However, their dispersion, the often times ambivalent attitude of the major unions, and their inability to converge at the same time and place have meant that, while they are far from being defeated, they have been slowing down “separately” and “in turn” in different Autonomous Communities (let’s remember that in the Spanish State, certain public utilities, like Education or Health, are the responsibility of the autonomy communities [regions], which establish different regulations, though equally neoliberal, concerning the personnel they have hired).

The Platform of Those Affected by Mortgages (PAH) and the struggle against evictions

The gigantic real-estate bubble created in the Spanish State over the last decades has created, in the heat of the crisis, a socially unsustainable situation. Hundreds of thousands of mortgage-holders have been unable (with the increase in unemployment and the drop in the prices of their houses) to keep up with their debts. The banks have insisted on evictions and continuing to pursue the former owners with the idea of making the most possible from the loans (let us remember that in the Spanish State, civil legislation does not allow for cancellation of payments, which is why the mortgage-holder, after being evicted and the house auctioned, continues to owe the part of the loan and interest not paid by the amount from the auction). The situation of abandonment and social exclusion that evicted families end up in has pushed some people to suicide.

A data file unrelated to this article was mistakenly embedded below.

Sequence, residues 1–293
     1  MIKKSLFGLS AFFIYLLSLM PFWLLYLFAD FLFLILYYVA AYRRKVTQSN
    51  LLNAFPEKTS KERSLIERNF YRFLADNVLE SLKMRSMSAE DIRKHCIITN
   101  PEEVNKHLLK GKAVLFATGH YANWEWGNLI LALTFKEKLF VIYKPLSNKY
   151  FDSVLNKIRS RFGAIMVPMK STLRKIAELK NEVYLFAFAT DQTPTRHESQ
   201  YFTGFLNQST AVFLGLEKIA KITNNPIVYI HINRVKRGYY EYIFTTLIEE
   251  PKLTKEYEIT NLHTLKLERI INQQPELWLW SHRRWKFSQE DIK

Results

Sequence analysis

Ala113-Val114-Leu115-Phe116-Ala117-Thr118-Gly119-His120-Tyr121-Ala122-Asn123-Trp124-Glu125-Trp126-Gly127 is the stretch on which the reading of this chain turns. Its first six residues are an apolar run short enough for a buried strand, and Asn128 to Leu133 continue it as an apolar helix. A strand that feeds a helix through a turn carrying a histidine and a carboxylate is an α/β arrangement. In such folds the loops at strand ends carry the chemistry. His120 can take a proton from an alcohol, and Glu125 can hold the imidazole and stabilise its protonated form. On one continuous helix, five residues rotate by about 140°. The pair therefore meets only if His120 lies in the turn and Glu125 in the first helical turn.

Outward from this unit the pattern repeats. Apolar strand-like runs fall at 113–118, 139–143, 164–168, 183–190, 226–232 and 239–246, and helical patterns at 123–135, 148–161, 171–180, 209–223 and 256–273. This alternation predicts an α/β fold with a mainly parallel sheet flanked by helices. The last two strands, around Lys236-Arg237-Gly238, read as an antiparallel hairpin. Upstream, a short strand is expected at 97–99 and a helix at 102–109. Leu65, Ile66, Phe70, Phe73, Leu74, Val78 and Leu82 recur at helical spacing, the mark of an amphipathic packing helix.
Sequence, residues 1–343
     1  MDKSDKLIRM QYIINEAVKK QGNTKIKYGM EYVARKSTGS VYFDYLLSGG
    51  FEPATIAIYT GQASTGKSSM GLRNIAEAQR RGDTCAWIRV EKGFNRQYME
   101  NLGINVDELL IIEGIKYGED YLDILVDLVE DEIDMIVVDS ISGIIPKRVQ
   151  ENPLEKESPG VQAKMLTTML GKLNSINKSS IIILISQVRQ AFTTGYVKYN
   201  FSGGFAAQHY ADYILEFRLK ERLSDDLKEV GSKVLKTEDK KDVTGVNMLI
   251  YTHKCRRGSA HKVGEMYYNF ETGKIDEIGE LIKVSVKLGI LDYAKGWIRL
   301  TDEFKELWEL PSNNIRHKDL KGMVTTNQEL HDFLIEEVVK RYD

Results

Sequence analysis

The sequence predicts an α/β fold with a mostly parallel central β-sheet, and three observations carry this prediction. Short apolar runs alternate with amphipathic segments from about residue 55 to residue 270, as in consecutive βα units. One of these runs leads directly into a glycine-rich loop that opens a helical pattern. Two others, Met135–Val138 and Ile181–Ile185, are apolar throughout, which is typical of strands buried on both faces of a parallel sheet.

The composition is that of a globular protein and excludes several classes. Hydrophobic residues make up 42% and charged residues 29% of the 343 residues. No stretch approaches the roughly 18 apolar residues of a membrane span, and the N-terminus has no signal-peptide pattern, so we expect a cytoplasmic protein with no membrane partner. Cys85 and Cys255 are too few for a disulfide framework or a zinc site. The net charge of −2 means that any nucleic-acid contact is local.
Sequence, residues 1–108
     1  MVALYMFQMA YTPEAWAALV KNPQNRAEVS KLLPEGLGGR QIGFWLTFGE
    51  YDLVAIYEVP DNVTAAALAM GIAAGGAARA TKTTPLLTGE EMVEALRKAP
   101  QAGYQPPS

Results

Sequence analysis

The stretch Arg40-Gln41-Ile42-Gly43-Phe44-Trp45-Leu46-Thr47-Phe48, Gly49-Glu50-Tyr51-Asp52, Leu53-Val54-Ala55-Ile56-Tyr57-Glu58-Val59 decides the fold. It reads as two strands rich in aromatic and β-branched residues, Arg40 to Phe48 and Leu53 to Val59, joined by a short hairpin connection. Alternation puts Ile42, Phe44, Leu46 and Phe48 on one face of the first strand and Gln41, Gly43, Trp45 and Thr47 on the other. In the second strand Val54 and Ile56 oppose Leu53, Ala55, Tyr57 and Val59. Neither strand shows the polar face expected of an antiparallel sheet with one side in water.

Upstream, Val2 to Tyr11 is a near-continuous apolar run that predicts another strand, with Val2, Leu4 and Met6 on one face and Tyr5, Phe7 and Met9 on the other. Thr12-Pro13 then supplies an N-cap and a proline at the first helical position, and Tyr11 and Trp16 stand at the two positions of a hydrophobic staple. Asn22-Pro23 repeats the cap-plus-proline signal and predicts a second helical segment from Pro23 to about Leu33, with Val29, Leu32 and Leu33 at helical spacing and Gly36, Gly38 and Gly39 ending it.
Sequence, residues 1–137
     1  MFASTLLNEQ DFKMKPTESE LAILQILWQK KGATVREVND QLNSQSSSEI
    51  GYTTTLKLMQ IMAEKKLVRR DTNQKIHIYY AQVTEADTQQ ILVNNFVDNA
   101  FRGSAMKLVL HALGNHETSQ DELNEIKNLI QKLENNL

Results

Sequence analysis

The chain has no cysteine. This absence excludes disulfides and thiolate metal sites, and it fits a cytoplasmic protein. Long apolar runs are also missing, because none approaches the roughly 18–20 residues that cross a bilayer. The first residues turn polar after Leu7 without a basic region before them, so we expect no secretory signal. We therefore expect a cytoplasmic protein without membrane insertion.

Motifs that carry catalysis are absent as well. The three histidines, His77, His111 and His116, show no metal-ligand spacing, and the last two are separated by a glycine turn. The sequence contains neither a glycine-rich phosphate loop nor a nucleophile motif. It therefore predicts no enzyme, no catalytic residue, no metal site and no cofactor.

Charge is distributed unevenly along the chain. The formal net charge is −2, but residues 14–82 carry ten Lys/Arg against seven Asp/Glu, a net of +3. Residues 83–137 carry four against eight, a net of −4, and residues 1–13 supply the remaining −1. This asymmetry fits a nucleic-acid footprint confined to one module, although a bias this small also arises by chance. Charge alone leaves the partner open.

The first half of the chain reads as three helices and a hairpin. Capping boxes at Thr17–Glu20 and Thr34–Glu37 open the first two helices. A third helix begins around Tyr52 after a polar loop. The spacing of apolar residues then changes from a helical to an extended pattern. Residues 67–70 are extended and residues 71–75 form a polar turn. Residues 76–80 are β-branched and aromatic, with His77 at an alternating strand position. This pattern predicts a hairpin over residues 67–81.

Coming out of the struggles against the increased cost of housing at the beginning of the century, the Platform of People Affected by Mortgages (known in Spanish as PAH), which is assembly-based and has numerous local chapters across Spain, has organized debtors to confront evictions and promote a change in legislation.

So, PAH has launched the “Stop Evictions” campaign, which consists of the attempt to physically avoid judicial dispossession through the massive presence of neighbors and activists. This campaign has undoubtedly borne fruits, both in the media (PAH has been transformed into the figurehead on the prow of social marches, and its leaders, like Barcelona’s Ada Colau, into well-known personalities) and in practice (at this writing, more than 711 evictions have been avoided this way in recent years).